Why do you want this holy water? By Ajahn Chah

The worldly way is to do things for a reason, to get some return, but in Buddhism we do things without the idea of gaining anything…

Bridge over a Pond of Water Lilies, Claude Monet (French, Paris 1840–1926 Giverny) © The Metropolitan Museum of Art In the beginning we practise with a desire of some kind in mind; we practise on and on, but we don’t attain our desire. But if we continue to practise anyway, we reach a point where we’re practising without ideas of some kind of return; we just practise in order to let go. This is something we must see for ourselves; it’s very deep. Maybe we practise because we want to go to nibbana, but you won’t get to nibbana! It’s natural to want peace, but it’s not really correct. We must practise without wanting anything at all. If we don’t want anything at all, what will we get? We don’t get anything! The point is, whatever you get is a cause for suffering, so we practise ‘not getting anything’. Continue reading “Why do you want this holy water? By Ajahn Chah”

The Precepts aren’t Hard, by Ajahn Chah

If there’s someone to sweep them and look after them, they’re beautiful. They’re not dirty — because there’s someone to look after them. It’s because there’s someone looking after them that they can be beautiful…

Elephant Bell with Miniature Elephant, Thailand (Ban Chiang), ca. 300 B.C.–A.D. 200. © The Metropolitan Museum of ArtThe Buddha taught that looking after the precepts isn’t hard if you look after yourself. If any forms of harm are about to arise by way of your bodily actions or speech, then if mindfulness is in place, you’ll recognize them. You’ll have a sense of right and wrong. This is how you look after your precepts. Your body and speech depend on you. This is the first step.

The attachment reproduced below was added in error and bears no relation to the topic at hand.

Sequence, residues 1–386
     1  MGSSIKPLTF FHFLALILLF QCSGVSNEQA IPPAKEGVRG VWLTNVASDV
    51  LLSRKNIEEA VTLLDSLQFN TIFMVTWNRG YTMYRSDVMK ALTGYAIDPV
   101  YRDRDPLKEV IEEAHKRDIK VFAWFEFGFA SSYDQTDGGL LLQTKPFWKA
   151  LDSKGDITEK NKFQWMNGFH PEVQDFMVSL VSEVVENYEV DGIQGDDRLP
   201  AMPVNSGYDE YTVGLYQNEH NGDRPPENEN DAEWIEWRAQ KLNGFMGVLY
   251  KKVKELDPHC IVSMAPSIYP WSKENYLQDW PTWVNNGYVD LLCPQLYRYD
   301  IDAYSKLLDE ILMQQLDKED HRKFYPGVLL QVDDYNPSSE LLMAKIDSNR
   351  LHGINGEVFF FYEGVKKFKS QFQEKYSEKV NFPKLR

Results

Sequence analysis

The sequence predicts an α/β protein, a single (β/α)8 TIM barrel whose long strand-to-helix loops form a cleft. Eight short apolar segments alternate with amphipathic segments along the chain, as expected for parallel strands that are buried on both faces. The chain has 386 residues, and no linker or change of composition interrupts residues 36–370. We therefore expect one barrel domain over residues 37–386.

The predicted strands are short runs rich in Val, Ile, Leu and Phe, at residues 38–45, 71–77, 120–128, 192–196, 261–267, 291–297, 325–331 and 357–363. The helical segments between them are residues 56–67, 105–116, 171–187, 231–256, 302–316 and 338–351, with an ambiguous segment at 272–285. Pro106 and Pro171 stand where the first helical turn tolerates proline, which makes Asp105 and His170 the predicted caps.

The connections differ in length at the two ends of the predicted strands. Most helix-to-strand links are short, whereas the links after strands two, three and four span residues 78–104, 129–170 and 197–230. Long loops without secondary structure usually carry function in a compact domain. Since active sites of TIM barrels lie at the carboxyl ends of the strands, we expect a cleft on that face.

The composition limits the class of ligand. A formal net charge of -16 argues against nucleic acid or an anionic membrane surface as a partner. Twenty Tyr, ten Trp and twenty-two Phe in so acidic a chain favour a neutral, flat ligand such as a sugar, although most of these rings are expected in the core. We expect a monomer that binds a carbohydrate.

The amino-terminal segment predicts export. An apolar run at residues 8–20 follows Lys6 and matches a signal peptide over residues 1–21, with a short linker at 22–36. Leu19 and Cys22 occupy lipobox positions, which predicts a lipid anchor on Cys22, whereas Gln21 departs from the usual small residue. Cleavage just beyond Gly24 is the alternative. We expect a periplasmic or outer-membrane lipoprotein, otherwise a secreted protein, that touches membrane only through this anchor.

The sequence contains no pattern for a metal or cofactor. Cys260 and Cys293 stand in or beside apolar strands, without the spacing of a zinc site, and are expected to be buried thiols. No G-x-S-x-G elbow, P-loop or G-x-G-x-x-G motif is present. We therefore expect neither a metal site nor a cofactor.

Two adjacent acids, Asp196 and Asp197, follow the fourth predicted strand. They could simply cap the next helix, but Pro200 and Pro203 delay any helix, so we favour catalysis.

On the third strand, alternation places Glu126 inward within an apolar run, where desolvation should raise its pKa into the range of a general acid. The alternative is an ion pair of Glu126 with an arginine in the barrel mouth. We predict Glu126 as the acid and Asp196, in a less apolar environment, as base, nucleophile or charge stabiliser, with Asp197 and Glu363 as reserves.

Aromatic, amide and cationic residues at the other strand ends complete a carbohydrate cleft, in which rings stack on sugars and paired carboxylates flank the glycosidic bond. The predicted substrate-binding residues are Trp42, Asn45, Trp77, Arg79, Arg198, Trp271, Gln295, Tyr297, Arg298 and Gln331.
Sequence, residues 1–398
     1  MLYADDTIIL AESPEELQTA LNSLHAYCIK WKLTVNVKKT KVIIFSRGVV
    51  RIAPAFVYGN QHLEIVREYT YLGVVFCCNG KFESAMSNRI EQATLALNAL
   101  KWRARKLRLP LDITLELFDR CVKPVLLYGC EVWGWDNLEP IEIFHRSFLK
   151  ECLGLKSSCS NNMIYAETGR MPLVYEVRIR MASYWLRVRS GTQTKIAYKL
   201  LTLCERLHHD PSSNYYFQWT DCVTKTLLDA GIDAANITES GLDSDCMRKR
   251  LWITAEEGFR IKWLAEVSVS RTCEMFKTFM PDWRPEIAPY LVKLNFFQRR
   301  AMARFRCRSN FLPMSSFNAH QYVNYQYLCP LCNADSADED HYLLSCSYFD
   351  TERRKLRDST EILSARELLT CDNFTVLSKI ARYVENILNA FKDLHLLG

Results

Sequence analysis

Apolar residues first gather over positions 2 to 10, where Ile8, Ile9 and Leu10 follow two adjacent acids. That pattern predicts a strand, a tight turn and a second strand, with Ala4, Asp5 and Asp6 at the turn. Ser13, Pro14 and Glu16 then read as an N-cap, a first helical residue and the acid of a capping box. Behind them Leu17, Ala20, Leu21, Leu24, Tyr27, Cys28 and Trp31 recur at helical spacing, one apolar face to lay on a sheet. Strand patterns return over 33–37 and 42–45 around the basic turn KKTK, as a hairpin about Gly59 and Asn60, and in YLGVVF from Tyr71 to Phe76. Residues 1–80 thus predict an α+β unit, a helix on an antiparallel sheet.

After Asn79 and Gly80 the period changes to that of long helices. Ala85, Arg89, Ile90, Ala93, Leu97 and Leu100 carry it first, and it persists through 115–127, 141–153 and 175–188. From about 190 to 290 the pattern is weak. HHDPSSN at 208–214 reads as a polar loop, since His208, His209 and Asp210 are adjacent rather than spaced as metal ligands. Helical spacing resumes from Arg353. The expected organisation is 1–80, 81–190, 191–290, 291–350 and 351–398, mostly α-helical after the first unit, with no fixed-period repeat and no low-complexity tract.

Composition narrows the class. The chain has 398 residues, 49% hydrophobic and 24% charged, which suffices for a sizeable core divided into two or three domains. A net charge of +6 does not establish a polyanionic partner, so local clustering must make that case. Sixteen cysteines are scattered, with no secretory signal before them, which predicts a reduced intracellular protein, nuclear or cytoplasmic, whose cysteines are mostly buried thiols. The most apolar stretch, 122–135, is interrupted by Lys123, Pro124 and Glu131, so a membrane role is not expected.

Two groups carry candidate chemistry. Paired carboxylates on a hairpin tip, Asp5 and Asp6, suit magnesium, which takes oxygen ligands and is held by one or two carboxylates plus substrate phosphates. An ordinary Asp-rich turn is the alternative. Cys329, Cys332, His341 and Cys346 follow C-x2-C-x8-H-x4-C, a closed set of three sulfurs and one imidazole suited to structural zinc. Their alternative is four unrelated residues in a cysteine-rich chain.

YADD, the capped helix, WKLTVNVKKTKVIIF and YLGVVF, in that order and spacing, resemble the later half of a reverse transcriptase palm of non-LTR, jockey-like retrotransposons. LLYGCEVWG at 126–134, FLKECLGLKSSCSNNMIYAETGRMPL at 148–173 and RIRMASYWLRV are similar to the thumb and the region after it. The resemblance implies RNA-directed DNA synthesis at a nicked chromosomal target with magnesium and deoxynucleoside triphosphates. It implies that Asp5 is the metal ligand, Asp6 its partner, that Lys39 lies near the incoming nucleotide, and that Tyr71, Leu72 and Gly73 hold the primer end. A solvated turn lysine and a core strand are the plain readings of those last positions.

If you can look after your bodily actions and speech, then they’re beautiful. At ease. Your manners, your comings and goings, your speech, are all beautiful. This kind of beauty is the beauty that comes from having someone shape and mould them — someone who keeps looking after them and contemplating them all the time. It’s like our home, our sala, our huts, and their surrounding areas. If there’s someone to sweep them and look after them, they’re beautiful. They’re not dirty — because there’s someone to look after them. It’s because there’s someone looking after them that they can be beautiful. Continue reading “The Precepts aren’t Hard, by Ajahn Chah”

Dealing with Disease, by Ajahn Sumedho

Maybe disease isn’t something to get rid of; maybe it’s something to understand, to contemplate, to come to terms with. Being born itself implies that we are going to be subject to different forces beyond our control. We can, of course, learn how to live more care­fully, respecting life, not mis­using our bodies, nor exploiting them…

Globe with stand. digitalcollections.nypl.orgA very common illusion in the materialist world is that we should try to get rid of disease. I remember about twenty-five years ago (From a talk given in Australia in March 1987) in the States, before I ordained, people thought that modern science was going to get rid of all disease within the next twenty-five years. Now, twenty-five years later, we’ve got new diseases! And cancer seems to be a kind of disease that isn’t going to go that quickly.

Maybe disease isn’t something to get rid of; maybe it’s something to understand, to contemplate, to come to terms with. Being born itself implies that we are going to be subject to different forces beyond our control. We can, of course, learn how to live more care­fully, respecting life, not mis­using our bodies, nor exploiting them. People exploit their own bodies, using them for all kinds of harmful things, dangerous things. So the body starts breaking down, getting weak, and so forth. This is the result of not understanding the limits, and a lack of respect for the body. Continue reading “Dealing with Disease, by Ajahn Sumedho”